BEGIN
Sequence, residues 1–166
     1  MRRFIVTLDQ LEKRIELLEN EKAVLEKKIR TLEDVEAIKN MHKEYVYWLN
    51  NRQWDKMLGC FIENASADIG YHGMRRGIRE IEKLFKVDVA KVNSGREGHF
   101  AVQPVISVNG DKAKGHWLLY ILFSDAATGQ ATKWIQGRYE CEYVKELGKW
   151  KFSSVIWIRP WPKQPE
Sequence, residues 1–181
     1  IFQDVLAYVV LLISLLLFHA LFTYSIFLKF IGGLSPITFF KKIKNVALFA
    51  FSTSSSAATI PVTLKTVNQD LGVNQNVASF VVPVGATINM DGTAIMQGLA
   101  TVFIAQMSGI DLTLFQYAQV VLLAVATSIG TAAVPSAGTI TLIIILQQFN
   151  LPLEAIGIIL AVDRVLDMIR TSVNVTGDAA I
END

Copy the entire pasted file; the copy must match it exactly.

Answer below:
Sequence, residues 1–166
     1  MRRFIVTLDQ LEKRIELLEN EKAVLEKKIR TLEDVEAIKN MHKEYVYWLN
    51  NRQWDKMLGC FIENASADIG YHGMRRGIRE IEKLFKVDVA KVNSGREGHF
   101  AVQPVISVNG DKAKGHWLLY ILFSDAATGQ ATKWIQGRYE CEYVKELGKW
   151  KFSSVIWIRP WPKQPE
Sequence, residues 1–181
     1  IFQDVLAYVV LLISLLLFHA LFTYSIFLKF IGGLSPITFF KKIKNVALFA
    51  FSTSSSAATI PVTLKTVNQD LGVNQNVASF VVPVGATINM DGTAIMQGLA
   101  TVFIAQMSGI DLTLFQYAQV VLLAVATSIG TAAVPSAGTI TLIIILQQFN
   151  LPLEAIGIIL AVDRVLDMIR TSVNVTGDAA I